Evers has been subsumed by history, much in the way that Baldwin had been until fairly recently. But Malcolm X and MLK have been obscured in a different way, deified and made into symbols, offered up as a false dichotomy: the peaceful (safe, reassuring) MLK and the violent (scary, threatening) Malcolm (Who has the most American streets named after them? Who has a day? The one white politicians are, naively, less threatened by). There is a segment from an early 60s talk show with Malcolm X, Martin Luther King, Jr., and James Baldwin in which Malcolm cringingly referred to King as a “modern day Uncle Tom.” This is clearly before Malcolm X’s break with the Nation of Islam and ultimately doesn’t represent the thinking of Malcolm X at the time of his assassination. I understand why Peck is juxtaposing this early Malcolm X’s angry fulminating and King’s quiet, thoughtful response. Because Baldwin was conflicted. He was clearly in the middle of these two supposed camps. Like King, he didn’t hate the “white man” (he says as much in the film). And yet, like Malcolm X, he too was pessimistic of the natural good in humans, skeptical of the inevitability of white acceptance of black equality.
Baldwin, perhaps more than any other commentator of his time, was hyper-aware of the differences between black thought and white thought broadly considered. He says at one point, speaking through the dead serious voice of Samuel L. Jackson, “White people are astounded by Birmingham” referring to the 1963 bombing of a church there where four black girls died. “Black people aren’t. White people are endlessly demanding to be reassured that Birmingham is really on Mars. They don’t want to believe, still less to act on the belief, that what is happening in Birmingham is happening all over the country.” Over images of white men beating and kicking black protesters at lunch counters, Jackson says, “They don’t want to realize that there is not one step, morally or actually, between Birmingham and Los Angeles.” Baldwin could be writing about today where modern technology in the form of phones and Youtube has made us confront the murder of unarmed black men and boys in Miami, New York, Ferguson, Louisiana, Tulsa, Charlotte, and on and on.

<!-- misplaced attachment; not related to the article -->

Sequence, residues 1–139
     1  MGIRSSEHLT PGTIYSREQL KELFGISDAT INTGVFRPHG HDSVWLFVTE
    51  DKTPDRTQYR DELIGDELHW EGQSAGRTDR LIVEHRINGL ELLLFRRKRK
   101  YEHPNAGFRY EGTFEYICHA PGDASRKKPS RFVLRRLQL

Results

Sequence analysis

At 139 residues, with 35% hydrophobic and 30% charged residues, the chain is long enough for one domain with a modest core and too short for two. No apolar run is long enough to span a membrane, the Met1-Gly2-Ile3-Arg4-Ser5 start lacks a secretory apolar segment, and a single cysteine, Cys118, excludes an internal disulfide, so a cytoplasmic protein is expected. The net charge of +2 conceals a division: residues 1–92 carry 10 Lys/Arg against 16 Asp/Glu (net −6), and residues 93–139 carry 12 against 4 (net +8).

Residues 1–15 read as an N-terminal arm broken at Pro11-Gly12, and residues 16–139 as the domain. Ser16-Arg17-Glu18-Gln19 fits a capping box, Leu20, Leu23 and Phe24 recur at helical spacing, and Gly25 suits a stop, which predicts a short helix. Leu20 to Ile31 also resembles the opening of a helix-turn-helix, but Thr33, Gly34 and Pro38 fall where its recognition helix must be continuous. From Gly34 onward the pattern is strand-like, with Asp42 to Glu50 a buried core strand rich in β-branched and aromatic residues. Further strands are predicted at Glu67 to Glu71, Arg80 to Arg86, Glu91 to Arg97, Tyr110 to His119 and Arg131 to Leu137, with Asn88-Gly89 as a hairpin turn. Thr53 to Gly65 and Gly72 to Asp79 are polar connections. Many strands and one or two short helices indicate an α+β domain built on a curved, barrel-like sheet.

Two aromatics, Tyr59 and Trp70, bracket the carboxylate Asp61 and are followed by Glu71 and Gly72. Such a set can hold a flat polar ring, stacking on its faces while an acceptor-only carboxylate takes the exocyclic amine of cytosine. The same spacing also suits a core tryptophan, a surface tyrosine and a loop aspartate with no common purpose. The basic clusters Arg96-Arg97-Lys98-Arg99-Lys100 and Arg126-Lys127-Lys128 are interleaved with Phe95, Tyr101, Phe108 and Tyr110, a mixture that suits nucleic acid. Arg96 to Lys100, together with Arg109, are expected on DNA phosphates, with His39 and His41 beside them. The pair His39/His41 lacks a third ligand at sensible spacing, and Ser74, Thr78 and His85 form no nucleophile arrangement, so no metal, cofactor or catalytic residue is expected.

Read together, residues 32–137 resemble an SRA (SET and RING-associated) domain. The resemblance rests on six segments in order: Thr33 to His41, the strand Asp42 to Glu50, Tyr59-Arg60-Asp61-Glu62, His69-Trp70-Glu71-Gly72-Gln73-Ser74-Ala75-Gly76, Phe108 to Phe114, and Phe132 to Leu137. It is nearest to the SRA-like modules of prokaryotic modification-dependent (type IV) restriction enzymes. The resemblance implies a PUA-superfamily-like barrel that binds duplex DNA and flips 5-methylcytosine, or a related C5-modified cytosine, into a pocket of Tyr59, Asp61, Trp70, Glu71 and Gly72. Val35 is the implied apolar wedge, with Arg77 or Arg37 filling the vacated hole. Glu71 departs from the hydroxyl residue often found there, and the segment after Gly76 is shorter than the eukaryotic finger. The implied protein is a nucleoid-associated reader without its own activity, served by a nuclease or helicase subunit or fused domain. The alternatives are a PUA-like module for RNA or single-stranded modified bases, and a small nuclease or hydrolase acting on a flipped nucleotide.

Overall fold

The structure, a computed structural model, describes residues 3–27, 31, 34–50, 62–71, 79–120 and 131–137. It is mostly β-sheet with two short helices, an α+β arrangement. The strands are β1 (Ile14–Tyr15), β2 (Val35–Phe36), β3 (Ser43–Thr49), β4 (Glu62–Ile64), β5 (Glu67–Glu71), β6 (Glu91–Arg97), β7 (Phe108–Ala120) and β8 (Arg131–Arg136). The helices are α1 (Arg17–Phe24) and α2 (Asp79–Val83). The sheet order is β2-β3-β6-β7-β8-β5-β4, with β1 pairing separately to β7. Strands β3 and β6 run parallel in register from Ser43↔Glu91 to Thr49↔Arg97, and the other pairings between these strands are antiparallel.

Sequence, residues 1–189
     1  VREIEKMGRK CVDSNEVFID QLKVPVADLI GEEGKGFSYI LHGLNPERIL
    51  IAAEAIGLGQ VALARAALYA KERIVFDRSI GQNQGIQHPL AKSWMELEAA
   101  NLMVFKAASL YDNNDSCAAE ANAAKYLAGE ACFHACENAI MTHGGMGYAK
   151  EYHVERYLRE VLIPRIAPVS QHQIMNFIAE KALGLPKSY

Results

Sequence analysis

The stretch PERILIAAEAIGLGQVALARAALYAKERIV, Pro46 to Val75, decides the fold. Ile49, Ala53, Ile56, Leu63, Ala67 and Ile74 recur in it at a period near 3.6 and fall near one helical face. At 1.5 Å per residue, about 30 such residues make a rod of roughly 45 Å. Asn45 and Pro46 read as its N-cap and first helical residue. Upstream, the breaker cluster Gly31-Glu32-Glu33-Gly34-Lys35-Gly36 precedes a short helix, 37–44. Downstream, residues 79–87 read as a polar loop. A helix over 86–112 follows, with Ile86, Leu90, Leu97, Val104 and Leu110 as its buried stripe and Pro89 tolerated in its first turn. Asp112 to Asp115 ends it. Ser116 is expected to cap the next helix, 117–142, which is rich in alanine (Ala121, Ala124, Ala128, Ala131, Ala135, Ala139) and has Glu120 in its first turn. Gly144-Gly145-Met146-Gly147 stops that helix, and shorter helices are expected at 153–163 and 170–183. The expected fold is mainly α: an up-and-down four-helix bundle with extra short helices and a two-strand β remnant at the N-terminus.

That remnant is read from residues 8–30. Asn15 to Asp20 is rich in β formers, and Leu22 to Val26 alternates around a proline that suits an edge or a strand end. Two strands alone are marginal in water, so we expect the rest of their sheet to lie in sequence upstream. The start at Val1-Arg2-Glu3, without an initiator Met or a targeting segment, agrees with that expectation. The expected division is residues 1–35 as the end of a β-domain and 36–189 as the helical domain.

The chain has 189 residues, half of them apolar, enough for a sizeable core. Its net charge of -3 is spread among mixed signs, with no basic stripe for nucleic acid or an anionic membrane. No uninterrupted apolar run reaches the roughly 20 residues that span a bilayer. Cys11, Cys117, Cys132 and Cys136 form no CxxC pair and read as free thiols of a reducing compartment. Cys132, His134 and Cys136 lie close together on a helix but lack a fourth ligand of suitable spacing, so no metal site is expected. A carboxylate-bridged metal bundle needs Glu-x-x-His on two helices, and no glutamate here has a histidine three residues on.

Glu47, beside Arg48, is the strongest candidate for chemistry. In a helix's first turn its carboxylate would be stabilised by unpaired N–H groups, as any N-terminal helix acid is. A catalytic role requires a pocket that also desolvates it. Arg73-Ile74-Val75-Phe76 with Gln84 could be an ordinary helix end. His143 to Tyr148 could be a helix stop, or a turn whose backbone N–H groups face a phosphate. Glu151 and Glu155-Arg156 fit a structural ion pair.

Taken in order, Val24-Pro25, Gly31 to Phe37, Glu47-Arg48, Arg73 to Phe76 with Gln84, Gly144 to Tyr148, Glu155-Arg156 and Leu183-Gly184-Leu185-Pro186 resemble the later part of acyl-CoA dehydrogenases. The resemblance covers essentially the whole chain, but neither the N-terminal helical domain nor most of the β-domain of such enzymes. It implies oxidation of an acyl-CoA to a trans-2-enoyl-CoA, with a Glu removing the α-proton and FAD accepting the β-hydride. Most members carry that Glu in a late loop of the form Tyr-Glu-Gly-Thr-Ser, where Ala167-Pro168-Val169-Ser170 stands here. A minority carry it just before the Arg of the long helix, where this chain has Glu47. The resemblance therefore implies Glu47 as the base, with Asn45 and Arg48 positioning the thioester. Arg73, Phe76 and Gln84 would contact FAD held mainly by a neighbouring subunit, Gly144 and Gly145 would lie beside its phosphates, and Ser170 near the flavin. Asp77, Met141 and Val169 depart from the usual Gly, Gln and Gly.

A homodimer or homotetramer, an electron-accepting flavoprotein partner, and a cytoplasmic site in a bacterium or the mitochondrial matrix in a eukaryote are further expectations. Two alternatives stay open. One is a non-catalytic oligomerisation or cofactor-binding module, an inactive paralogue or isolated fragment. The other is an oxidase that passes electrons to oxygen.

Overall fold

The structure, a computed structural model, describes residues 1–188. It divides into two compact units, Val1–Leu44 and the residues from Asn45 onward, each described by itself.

Peck takes us back and forth between then and now – between Civil Rights and Black Lives Matter marches, from grainy black-and-white to digital color. It can be disheartening to realize how little has changed, it can make Baldwin’s pessimism seem prescient. When we see black-and-white film depicting 1950s rednecks carrying anti-miscegenation signs decorated with Nazi swastikas, we cannot comfort ourselves with phrases like “That was then.” All we have to do is watch last year’s New York Times video short titled “Unfiltered Voices from Donald Trump’s Crowds” to hear white people shouting the most vilely racist and misogynistic vitriol. As it has become increasingly clear with the ascendancy of Donald Trump, reports of a post-racial America with the election of Barack Obama were premature. To watch these rallies is to see the contemporary, if less lethal, version of the mid-century lynching, images of which we see in Peck’s film, white people staring at the camera from beneath the feet of dangling black men, Samuel L. Jackson intoning, “White people: You never saw our faces. But we saw yours.” Baldwin knew that America wouldn’t destroy the African American. But he also knew that America’s racism would eventually destroy America. His are powerful and timely words, then as now. We should be grateful to Raoul Peck for reminding us of them.
John Duncan Talbird is the author of the limited edition book of stories, A Modicum of Mankind (Norte Maar) with images by artist Leslie Kerby. His fiction and essays have appeared in Ploughshares, Juked, The Literary Review, Amoskeag, Ambit and elsewhere. He is an English professor at Queensborough Community College.